Little Women (1970) The Angela Down
                    A review by Corinne H. Smith
     One of the major film interpretations of the semi-autobiographical American novel written by Louisa May Alcott. Known to fans as “the Angela Down,” because she is the actress who portrays Jo(sephine) March, the main character. This version was broadcast as a nine-episode mini-series on the BBC in the UK.



     This is the story of the four March sisters – Meg (Jo Rowbottom), Jo (Angela Down), Beth (Sarah Craze), and Amy (Janina Faye). We see what draws them together and what pushes them apart. We witness their special devotion to their mother, whom they call Marmee (Stephanie Bidmead). The story is set mostly in Concord, Massachusetts, in the early 1860s; and the main action centers around the most independent girl, second daughter Jo. Their father, Mr. March (Patrick Troughton), is at first away from home and is involved in the war effort. The Marches were once well off but now have to make do with what they have. Every once in a while, they get a visit from their stodgy but rich relative, Aunt March (Jean Anderson), who dishes out a lot of judgment; but who also, reluctantly, doles out a few dollars to keep the household running. And then there’s the boy next door, known as Laurie (Stephen Turner), who lives with his wealthy grandfather, Mr. Laurence (John Welsh). They both become good friends of the March family. Jo and Laurie hit it off right away. Will their friendship become something stronger? Watch and find out. As the film rolls along, we see four young girls (who in theory start out at 16, 15, 13, and 12 years old) indeed turn into little women.

     At 205 minutes, this mini-series / movie is the longest of the Little Women to date. Screen writers Alistair Bell and Denis Constanduros are credited with having “dramatised” Miss Alcott’s work. They chose to use fairly liberal pens to do this. The basic points of the original plots are here, but they’re often altered enough to be quite different from the book. For example: Instead of an ice skating scene featuring Jo and Laurie and Amy, we see them rowing in a boat on a river with a rickety wooden pier standing nearby. Maybe the producers had to use what resources were available to them. And did they even read the book? Their last fifteen minutes don’t come close to replicating Miss Alcott’s finale.

     The production itself consists almost entirely of interior shots and vignettes. We never see the March house from the outside. Only four scenes were shot in an actual landscape, and these were all filmed around the same river. To convey the change of scenery when characters travel to Europe, two aerial views of stock footage are shown. No background music is ever used to help to augment emotion or to soften transitions from one scene to another. As a result, the changes tend to be stark and abrupt. It's too easy to lose interest when everything seems the same. I guess this was the BBC style, back then.

     The cast members do decent work. Angela Down plays a very indignant and often pouty Jo. Janina Faye’s Amy is a loud-mouthed brat … as she should be. Stephanie Bidmead makes an ultra-traditional Marmee, even in her manner of dress. The character of Mr. March, as played by Patrick Troughton, appears more often here than he does in other versions. Jean Anderson is suitably snooty as Aunt March. The Marches’ housekeeper Hannah (Pat Nye) is especially terse and opinionated. German-born actor Frederick Jaeger does a terrific job of portraying Professor Bhaer. It’s too bad we don’t see more of him. The rest of the actors suppress their English accents for the most part, and yet some traces almost always slip through. And really, their speech shouldn’t have mattered. The filmmakers could have approached the story as a full British version, and the audience could have accepted this. Especially since it was reaching an exclusively English audience at the time. As it is, the movie gives us a faux American fable.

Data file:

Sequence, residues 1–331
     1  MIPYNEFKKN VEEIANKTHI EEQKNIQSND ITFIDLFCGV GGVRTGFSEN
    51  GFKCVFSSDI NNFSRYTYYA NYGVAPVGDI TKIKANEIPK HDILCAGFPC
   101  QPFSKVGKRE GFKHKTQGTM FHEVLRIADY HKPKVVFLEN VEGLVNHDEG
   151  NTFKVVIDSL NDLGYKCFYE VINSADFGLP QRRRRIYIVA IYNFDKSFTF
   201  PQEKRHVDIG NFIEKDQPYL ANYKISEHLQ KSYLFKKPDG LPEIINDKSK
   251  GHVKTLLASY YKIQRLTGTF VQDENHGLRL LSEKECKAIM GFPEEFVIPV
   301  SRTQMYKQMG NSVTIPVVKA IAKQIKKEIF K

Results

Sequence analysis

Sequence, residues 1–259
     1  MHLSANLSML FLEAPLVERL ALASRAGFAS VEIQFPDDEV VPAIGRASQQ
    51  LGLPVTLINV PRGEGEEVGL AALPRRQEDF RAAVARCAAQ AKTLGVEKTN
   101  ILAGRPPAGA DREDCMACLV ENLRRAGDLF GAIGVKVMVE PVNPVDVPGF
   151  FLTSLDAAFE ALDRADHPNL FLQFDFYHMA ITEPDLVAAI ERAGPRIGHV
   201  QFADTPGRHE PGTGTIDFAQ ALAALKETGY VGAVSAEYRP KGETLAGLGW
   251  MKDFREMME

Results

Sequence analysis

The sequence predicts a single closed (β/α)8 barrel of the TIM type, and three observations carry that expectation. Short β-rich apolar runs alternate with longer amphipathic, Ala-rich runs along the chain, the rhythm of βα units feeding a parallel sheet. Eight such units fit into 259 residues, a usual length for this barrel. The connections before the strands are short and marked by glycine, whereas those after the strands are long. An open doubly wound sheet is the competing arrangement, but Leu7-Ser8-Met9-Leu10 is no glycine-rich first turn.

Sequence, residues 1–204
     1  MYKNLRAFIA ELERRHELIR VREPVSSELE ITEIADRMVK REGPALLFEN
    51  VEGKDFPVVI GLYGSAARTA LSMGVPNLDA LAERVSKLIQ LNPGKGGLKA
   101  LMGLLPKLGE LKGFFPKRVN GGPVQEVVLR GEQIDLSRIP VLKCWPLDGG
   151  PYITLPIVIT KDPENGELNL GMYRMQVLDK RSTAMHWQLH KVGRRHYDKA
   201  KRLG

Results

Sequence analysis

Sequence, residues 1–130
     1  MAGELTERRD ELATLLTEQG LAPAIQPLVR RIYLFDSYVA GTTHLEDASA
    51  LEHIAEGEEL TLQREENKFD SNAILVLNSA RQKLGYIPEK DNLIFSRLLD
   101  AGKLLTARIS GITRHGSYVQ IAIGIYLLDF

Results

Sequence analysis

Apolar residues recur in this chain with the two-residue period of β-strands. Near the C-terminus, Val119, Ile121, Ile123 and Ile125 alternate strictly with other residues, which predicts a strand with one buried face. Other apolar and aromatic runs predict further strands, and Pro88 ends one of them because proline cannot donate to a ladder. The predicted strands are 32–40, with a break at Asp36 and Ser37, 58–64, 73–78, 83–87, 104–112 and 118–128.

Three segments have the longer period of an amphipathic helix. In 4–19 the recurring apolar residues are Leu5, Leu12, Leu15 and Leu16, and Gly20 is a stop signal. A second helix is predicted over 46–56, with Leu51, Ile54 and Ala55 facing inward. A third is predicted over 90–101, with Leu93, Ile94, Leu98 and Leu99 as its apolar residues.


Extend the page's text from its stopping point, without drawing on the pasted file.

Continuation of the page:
Everyone has loud moments in this film. Everyone. Whenever their characters have arguments, or whenever they face personal challenges, they yell. Someone should have told the actors that anger and frustration can be convincingly conveyed with quiet drama at times, too. We need some welcome relief from continuous confrontation, from moment to moment.

     What a difference 47 years can make! The BBC production of Little Women of 2017 is a tremendous improvement over what the network did with this one in 1970. If you choose to watch only one of these, then go with the other movie, the Maya Hawke. The bottom line is that this my least favorite of the Little Women movies. The filming technique puts me off, as does all of the yelling. I doubt that this is what Miss Alcott had in mind. Crying, yes. Constant yelling and bickering? Not so much.

     The Little Women of 1970 has been followed by the Susan Dey (1978), the Winona Ryder (1994), the Maya Hawke (2017), the Sarah Davenport (2018) and the Saoirse Ronan (2019). It was preceded by the Katharine Hepburn (1933) and the June Allyson (1949). If you’re curious, you could watch some of the others and make your own decisions about them. Better yet: go back to Miss Alcott’s original novel. None of the movies can cover the detail discovered in the book.

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